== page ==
Thursday, 1 June 2017: 08:20
Churchill C1 (Hilton New Orleans Riverside)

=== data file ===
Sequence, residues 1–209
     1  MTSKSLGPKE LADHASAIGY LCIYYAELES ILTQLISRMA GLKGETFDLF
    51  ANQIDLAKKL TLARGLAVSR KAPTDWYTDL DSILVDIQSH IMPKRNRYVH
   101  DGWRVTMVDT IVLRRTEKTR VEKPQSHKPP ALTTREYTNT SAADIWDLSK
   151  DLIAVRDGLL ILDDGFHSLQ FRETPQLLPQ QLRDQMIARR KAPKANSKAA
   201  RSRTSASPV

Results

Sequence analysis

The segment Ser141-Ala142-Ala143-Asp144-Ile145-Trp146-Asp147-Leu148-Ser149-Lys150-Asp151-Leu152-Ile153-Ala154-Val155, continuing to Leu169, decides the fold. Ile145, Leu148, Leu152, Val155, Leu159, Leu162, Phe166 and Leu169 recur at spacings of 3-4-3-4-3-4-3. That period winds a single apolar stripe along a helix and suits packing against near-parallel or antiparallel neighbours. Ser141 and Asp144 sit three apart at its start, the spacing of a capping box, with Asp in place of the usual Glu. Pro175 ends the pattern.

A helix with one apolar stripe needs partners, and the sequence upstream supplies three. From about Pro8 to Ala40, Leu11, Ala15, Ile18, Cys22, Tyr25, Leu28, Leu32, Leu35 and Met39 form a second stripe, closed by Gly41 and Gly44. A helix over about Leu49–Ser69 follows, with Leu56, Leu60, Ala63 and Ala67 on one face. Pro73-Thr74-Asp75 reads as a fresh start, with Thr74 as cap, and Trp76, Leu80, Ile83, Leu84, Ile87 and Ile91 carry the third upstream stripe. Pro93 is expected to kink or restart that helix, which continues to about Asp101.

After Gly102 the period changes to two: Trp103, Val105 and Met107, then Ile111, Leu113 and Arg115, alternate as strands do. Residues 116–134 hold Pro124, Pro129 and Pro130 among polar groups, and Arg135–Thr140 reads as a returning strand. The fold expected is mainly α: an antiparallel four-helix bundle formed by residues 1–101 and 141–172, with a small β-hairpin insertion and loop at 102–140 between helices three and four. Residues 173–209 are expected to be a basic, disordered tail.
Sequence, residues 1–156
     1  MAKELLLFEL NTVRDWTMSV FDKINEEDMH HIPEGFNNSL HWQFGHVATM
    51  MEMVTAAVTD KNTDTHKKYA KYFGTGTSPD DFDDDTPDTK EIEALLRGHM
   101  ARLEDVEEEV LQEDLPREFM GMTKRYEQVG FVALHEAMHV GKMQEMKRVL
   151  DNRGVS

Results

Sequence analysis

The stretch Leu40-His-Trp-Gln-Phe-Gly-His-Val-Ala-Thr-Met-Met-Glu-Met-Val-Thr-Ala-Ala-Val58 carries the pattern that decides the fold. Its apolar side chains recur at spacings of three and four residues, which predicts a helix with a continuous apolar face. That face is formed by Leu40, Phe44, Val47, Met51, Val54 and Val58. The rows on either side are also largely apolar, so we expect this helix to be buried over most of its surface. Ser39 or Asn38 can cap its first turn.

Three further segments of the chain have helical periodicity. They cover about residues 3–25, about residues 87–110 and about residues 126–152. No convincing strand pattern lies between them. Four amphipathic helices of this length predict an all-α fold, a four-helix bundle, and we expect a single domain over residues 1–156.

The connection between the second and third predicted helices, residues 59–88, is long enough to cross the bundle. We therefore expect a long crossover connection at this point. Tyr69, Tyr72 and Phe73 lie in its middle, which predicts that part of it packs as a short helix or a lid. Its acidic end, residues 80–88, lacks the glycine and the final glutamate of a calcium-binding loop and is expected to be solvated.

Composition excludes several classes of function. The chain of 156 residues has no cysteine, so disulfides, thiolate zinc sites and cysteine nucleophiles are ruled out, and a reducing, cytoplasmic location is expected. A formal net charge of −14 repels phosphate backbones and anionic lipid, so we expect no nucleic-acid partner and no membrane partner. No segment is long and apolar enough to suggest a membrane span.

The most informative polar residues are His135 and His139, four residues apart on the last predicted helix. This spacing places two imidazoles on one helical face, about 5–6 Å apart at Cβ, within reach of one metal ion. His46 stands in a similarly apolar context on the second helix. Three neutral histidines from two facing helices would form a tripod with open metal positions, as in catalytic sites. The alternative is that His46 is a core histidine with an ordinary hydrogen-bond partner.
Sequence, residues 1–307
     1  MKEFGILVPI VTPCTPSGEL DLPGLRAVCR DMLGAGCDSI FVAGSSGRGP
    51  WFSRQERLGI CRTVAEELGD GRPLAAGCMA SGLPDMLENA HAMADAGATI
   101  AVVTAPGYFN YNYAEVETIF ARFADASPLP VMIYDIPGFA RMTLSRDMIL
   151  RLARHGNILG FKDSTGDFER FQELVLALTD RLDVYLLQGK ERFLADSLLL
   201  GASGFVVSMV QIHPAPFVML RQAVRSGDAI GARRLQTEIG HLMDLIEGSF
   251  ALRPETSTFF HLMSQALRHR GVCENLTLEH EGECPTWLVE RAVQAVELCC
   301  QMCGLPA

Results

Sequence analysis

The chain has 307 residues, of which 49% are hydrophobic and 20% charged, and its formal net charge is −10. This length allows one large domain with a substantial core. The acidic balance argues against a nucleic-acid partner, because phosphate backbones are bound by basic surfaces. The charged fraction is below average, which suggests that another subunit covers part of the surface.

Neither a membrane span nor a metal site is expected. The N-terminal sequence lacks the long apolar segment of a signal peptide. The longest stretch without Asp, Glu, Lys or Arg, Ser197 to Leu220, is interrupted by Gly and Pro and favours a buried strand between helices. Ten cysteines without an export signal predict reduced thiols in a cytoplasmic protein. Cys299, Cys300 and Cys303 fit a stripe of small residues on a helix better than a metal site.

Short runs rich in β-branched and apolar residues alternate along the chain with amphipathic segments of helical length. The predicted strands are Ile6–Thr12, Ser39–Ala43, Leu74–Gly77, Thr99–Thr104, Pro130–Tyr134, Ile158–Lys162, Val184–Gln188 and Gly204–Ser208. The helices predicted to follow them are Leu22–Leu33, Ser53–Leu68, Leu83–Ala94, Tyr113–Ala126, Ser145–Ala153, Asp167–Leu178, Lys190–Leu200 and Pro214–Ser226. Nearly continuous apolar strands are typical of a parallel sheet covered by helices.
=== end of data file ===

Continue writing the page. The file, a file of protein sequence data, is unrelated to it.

In recent years, diverse types of biomass materials have been pyrolyzed and activated to generate carbon materials that are subsequently utilized as electrodes in electrochemical cells because they are inexpensive, abundant, and sustainable. The principal components of most biomasses are cellulose, hemicellulose and lignin. When pyrolyzed and activated, cellulose makes leading contribution to charge storage while hemicellulose and lignin add minor contributions, disproportionately increasing the mass and cost of electrochemical cells. Further, biomass-derived electrodes frequently only have shapes of extraordinarily thin supported films, which require multiple layers of electrodes to generate appreciable electrochemical performance, increasing cost and complexity of electrochemical cells. We have developed an acid-based strategy to delignify Balsa wood that removes hemicellulose and lignin while retaining cellulose, and then pyrolyzed and activated this wood to create freestanding thick (0.5 mm) electrodes that possess exceptional power and energy densities. The delignified wood derived electrodes exhibit a specific capacitance of 266 F/g (310 F/g) at 0.1 A/g, gradually decreasing to 170 (90) F/g at 20 A/g in aqueous electrolyte 1M Na2SO4 (room temperature ionic liquid, RTIL; 1-Ethyl-3-methylimidazolium bis(trifluoromethylsulfonyl)imide), which are more than 50% greater than that of electrodes fabricated using non-delignified wood. Furthermore, the electrodes are highly durable, retaining 92% (82%) of capacitance after 10,000 charge-discharge cycles in aqueous (RTIL) electrolyte. The electrodes demonstrate a high energy density of 5 (73) Wh/kg and a corresponding power density of 4060 (16500) W/kg in aqueous (RTIL) electrolyte. Our work provides guidance on the use of delignification to enhance electrochemical performance of biomass-derived electrodes. This work has been partially supported by the NSF through Grant CMMI 1335417.